If Jesus can fix my problem, then why doesn’t He?

Jesus, being God, has the authority and the power to do anything He wants.

We will see that in our sermon text this Sunday, just like we saw it in our text last Sunday:

Where there is sickness, He can heal.  Where there is a storm of chaos, He can bring the calm of peace.  Where there is demonic oppression, He can bring freedom.  He has the power to accomplish all these things!

But that’s not the only thing we will learn about Jesus this Sunday.  We also learn this difficult truth: while Jesus has authority and power to heal and to restore, He doesn’t always choose to wield that power.

What we have here is a theological, philosophical, and imminently practical problem.  If Jesus has authority and power to bring peace, freedom, and healing, then why doesn’t He do it everywhere and in every circumstance?  We see this problem in the Bible and we see it in our lives.  If Jesus can fix my problem, then why doesn’t He?

How have you dealt with this challenging question?  Share your thoughts below!

And join us at 10:30am this Sunday at Faith Presbyterian Church as we tackle this challenging topic.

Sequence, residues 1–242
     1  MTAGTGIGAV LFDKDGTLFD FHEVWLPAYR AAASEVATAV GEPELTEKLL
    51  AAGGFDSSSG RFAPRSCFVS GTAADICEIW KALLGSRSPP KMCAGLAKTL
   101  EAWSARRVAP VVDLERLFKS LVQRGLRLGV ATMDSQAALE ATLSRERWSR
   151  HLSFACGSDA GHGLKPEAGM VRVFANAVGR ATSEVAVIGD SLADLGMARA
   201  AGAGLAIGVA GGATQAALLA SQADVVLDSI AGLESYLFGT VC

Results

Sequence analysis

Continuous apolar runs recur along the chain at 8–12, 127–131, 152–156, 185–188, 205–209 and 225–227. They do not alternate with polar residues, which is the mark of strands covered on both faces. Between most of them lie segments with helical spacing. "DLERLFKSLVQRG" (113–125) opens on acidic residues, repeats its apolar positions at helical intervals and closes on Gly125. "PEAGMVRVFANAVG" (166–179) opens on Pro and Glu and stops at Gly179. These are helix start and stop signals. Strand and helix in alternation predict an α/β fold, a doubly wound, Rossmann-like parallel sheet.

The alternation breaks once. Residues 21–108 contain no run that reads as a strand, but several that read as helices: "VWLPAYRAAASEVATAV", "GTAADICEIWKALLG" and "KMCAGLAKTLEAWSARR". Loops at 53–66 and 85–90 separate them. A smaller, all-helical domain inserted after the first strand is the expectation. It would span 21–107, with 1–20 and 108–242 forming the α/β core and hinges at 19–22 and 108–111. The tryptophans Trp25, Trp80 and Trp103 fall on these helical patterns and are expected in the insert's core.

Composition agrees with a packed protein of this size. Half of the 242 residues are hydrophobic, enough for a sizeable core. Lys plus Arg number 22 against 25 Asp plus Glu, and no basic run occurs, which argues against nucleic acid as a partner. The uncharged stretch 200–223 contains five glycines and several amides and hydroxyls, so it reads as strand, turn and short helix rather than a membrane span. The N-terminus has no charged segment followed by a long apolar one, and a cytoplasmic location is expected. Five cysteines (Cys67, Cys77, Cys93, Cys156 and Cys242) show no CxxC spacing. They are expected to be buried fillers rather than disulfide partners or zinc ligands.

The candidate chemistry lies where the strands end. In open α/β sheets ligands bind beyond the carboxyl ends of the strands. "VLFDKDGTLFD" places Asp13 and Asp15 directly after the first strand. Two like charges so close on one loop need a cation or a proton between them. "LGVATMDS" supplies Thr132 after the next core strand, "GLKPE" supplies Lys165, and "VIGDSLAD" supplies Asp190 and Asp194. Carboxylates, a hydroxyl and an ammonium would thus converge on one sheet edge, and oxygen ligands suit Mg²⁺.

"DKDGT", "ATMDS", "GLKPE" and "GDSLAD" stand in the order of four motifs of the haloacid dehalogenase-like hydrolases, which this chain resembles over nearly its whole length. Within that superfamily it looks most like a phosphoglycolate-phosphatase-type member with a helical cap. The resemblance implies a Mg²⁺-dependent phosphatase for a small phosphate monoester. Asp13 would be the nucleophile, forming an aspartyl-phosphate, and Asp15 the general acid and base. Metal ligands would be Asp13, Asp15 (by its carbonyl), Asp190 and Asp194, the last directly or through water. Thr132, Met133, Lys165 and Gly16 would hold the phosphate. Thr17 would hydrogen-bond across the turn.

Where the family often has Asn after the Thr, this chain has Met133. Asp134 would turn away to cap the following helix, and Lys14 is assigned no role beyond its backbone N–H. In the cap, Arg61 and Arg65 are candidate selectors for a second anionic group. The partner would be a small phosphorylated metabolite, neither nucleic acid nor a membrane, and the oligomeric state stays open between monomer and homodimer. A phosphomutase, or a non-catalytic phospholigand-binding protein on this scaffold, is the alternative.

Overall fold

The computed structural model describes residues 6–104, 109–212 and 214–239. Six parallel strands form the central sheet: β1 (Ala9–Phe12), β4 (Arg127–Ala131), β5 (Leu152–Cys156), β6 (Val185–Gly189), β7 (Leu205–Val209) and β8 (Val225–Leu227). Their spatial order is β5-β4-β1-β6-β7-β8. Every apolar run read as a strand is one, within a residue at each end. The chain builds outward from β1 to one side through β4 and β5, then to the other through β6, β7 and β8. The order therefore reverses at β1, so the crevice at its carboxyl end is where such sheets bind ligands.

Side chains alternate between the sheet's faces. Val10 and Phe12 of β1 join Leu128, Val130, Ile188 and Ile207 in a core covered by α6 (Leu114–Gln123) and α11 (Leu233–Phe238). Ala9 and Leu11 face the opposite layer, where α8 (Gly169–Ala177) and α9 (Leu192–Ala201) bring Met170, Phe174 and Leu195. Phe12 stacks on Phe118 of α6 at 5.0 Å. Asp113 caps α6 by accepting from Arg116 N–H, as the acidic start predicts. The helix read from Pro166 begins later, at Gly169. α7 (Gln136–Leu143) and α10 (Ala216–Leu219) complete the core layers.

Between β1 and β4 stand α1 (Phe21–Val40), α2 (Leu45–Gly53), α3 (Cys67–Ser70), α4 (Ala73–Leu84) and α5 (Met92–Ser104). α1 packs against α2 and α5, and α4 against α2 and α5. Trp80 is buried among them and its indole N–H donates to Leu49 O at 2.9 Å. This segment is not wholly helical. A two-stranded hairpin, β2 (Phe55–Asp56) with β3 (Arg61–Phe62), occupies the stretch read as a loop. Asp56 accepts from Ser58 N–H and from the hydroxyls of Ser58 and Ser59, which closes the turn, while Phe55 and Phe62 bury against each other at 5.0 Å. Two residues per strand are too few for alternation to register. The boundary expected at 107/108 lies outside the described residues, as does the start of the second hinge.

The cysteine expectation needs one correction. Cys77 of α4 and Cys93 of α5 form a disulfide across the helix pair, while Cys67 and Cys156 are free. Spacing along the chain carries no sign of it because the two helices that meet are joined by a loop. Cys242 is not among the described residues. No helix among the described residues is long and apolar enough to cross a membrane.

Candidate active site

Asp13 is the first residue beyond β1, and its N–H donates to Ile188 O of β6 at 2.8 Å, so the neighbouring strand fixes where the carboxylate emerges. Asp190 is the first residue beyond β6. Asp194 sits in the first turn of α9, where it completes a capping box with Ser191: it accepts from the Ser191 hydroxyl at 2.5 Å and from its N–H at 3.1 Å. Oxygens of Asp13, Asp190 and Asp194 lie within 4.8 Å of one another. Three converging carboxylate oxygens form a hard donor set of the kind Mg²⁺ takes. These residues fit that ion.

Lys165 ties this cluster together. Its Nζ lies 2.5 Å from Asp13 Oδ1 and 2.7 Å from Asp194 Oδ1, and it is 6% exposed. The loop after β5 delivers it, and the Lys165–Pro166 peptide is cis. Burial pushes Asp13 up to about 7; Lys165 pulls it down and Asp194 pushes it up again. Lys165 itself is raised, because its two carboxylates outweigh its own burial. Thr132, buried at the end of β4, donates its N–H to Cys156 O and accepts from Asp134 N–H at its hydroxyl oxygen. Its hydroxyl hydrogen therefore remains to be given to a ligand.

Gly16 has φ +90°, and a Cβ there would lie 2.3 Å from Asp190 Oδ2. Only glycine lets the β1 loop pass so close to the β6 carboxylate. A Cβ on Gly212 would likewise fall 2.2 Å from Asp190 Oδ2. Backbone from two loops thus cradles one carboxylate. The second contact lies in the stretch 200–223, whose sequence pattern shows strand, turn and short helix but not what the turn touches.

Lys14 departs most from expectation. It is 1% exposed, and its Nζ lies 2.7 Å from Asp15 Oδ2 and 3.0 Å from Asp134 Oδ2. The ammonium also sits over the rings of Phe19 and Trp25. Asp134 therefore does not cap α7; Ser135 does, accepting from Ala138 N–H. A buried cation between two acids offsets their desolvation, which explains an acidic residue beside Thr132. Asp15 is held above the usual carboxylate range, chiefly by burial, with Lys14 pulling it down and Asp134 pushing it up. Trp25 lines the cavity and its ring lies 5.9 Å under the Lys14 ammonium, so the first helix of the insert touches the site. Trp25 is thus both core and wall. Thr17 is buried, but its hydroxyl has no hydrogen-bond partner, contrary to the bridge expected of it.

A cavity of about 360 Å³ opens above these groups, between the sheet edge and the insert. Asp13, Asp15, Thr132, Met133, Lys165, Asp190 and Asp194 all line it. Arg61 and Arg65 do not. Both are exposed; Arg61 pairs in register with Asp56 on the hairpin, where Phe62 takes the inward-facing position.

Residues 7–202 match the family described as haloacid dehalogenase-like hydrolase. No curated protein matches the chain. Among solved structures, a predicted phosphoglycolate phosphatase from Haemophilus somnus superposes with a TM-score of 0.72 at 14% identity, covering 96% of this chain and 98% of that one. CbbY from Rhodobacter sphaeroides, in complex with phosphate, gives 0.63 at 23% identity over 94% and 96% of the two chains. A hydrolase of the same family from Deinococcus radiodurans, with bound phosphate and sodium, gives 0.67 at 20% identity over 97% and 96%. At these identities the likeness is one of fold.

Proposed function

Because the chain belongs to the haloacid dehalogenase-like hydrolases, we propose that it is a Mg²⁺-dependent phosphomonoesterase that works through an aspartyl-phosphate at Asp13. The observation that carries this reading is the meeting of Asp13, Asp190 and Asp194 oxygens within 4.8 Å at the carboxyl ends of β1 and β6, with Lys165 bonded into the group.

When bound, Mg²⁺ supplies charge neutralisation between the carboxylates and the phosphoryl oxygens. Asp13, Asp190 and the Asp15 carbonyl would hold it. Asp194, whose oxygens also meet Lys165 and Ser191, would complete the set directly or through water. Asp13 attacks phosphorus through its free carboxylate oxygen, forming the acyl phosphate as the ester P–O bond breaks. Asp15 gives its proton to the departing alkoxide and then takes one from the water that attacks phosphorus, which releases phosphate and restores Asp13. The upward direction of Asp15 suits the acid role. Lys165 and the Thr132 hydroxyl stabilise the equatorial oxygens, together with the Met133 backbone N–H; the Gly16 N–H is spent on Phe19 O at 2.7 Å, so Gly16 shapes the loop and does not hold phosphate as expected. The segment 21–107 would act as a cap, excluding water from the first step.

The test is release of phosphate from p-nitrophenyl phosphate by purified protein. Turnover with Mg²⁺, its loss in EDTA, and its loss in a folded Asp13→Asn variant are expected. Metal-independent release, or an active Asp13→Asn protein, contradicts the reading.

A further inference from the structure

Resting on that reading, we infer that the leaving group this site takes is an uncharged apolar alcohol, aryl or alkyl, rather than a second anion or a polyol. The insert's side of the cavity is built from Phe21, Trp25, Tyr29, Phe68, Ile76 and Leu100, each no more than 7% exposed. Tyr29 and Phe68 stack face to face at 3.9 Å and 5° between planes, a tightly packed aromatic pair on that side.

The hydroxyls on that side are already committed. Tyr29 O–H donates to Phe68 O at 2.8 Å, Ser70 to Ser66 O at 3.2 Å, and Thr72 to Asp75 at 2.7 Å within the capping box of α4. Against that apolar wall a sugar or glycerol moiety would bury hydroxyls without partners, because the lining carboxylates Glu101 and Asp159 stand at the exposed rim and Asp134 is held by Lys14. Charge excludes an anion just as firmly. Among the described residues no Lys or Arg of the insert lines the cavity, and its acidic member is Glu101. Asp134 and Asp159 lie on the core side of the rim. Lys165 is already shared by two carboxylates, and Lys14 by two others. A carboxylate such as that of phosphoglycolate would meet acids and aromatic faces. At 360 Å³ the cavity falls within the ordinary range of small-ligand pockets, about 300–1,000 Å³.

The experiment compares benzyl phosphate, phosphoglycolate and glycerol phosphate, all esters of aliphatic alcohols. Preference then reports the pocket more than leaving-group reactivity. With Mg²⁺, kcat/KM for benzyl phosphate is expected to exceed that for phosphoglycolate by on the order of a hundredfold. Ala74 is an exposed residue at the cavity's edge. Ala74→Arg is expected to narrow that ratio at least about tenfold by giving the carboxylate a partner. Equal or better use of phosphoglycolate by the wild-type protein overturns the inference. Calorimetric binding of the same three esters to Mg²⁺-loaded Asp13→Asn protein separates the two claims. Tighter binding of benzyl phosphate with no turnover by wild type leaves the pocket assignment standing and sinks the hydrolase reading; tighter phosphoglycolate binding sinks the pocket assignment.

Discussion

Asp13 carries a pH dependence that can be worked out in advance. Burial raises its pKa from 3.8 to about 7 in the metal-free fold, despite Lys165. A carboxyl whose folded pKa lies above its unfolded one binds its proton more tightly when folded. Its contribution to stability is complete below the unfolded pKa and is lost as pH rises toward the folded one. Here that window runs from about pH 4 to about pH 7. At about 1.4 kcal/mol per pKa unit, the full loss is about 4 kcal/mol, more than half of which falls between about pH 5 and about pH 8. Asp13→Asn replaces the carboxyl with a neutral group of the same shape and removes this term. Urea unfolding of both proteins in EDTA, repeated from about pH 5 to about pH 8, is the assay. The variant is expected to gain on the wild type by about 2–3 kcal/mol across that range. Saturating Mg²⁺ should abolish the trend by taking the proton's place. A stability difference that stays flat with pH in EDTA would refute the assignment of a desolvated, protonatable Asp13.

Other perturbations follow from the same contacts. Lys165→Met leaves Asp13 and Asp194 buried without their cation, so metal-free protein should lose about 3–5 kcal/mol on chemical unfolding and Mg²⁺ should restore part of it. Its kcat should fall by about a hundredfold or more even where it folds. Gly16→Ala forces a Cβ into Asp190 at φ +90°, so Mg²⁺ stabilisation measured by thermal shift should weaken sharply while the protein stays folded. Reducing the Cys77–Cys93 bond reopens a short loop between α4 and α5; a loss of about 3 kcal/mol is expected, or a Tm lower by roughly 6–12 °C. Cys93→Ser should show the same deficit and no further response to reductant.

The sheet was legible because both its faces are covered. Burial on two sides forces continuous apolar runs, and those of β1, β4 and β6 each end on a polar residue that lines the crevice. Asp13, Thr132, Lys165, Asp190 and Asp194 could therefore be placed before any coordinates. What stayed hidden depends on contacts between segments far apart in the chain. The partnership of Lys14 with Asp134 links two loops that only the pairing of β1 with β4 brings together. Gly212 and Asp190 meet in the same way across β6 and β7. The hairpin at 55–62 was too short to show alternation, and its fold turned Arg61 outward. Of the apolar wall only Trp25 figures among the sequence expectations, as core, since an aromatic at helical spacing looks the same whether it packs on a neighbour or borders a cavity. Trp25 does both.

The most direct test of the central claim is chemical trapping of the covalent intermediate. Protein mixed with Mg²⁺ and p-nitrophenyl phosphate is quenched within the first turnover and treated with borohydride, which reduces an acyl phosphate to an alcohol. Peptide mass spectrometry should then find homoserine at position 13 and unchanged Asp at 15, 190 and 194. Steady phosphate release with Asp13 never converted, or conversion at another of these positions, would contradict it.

You Are Not Alone In Your Exclusion

On the cross, Jesus cried out a mystifying question: “My God, my God, why have you forsaken me?”

A question worth considering!  Why did God allow His only Son to die in disgrace?

The answer is this: God forsook Jesus for us.

The Father’s love for you was so great that He traded His only Son for you.

Jesus was excluded, so that you might be included.  Jesus was killed, that you might live.  Your sin was given to Jesus and everything that was His in His humanity became yours through faith: His righteousness, His place in His Father’s family, His glory.

You inherit all of this by believing that His death was sufficient for you.

Through His own exclusion, Jesus has accomplished your inclusion in God’s family.  You no longer have to fear God.  God is no longer far from you.  Your heavenly Father loves you.  And why?  Because of the work of Jesus alone.

This is an excerpt from last Sunday’s sermon at Faith Presbyterian Church in Covington, LA.  For more, listen here or subscribe to our podcast here.

The Mournful Longing of Desire

It was a long time, twenty years in all, that the ark [of the covenant] remained at Kiriath Jearim, and all the people of Israel mourned and sought after Yahweh. (1 Samuel 7:2)

Every person knows this mournful, longing desire.

Feeling like God is far, far away.

Looking up into the blackness of night and feeling nothing but the cold distance of an empty universe.

Longing, begging, and searching for peace.

Wanting to know that there’s a meaning and a purpose to all this.

Wanting some sense of connection with the divine and the eternal and the purposeful.

And as we mourn and long for something bigger—something better—something more satisfying—as we find ourselves in that place of need, God interrupts our longing with grace.

This is an excerpt from this Sunday’s sermon at Faith Presbyterian Church in Covington, LA.  Please join us at 10:30am for worship!